Google Home Hub joins the fight to put a screen on your countertop
Google's smart display cuts the camera and adds adaptive brightness and a smart home control panel.
Hey, Google, what do you get when you combine a smart speaker, a touchscreen and a smart home control panel?
Answer: The Google Home Hub. We've heard rumors of Google's own smart display for months and saw leaked photos a couple of weeks ago -- now, Google's gone and made it official by announcing the thing Tuesday at its Made by Google devices event in New York.
Thanks to the Lenovo Smart Display and the JBL Link View, we're already pretty familiar with what a Google Assistant-equipped smart display can do. Like those devices and just like the rest of the Google Home lineup does, the Home Hub will respond to Google Assistant voice commands. You can control your smart home, check your calendar, search the web and more with a voice command.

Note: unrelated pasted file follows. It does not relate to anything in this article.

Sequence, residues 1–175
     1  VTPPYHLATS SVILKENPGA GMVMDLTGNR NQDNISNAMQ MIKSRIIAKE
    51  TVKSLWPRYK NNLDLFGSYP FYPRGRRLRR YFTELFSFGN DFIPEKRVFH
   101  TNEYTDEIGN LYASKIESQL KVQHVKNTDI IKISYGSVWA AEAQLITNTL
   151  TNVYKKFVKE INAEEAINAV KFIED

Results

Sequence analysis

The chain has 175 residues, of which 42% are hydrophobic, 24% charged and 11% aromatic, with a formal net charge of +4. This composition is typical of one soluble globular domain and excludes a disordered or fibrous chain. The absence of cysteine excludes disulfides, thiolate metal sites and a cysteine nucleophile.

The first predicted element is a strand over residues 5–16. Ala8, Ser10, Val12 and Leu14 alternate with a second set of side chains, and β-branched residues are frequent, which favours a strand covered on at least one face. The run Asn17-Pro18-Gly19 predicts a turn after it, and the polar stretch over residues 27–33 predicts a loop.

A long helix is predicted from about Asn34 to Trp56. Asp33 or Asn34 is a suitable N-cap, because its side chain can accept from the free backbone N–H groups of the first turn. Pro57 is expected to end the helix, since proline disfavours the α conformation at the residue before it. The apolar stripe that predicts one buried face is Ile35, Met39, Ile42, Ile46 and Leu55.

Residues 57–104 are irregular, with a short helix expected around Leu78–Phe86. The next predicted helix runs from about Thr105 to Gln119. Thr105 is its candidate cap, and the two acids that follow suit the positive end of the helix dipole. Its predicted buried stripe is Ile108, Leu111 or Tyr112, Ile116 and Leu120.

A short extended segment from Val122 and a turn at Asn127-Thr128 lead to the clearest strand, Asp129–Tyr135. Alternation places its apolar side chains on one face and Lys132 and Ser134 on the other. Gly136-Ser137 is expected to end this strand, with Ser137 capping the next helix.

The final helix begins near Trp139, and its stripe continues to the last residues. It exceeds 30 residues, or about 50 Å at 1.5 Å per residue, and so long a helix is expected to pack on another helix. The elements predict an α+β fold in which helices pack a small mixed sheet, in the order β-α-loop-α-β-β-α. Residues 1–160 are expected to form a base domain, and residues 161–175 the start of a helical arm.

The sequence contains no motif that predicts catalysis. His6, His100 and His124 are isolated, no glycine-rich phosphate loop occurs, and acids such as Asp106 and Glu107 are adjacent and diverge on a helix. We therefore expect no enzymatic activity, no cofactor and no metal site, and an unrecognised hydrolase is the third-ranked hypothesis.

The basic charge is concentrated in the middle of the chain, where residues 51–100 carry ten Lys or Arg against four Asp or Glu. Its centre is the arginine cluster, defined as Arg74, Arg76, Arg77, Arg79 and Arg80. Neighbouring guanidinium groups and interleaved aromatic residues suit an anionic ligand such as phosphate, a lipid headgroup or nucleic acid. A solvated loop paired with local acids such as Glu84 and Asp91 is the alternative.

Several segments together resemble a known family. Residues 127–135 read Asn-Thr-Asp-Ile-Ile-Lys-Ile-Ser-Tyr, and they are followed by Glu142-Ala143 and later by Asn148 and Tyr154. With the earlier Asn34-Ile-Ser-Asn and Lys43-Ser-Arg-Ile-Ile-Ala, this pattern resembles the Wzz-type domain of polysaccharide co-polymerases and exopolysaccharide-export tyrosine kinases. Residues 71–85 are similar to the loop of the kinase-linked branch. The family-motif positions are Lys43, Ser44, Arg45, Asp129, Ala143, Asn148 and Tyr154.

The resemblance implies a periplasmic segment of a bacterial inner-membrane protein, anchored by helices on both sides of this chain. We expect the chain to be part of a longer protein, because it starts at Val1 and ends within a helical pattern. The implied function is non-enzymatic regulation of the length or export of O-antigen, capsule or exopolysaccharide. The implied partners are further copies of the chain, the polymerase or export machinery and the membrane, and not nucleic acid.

The touchscreen shows extra info if you ask about the weather or search for local restaurants, and it certainly comes in handy when you want to check on your smart home cameras, pull up a map, look at pictures or watch videos. The Google Home Hub uses the same operating system and voice assistant as the Lenovo Smart Display and JBL Link View, both of which I liked when I reviewed them this past summer.
You can buy the Google Home Hub in charcoal, aqua, chalk or sand for a relatively inexpensive $150 (£139) when it comes out on Oct. 22. All four color options will be available in the US, the UK and Australia. (The AU price converts to roughly AU$260; we don't have Australian pricing yet.)
The price is pretty attractive, despite a relatively small 7-inch screen. The Lenovo Smart Display costs $250 for the model with a 10-inch screen and $200 for the 8-inch version. The JBL Link View costs $250 and has an 8-inch screen.
Beyond what the Lenovo Smart Display and the JBL Link View can do, the Google Home Hub will offer a few new tricks to help it stand out in the increasingly crowded field of smart displays.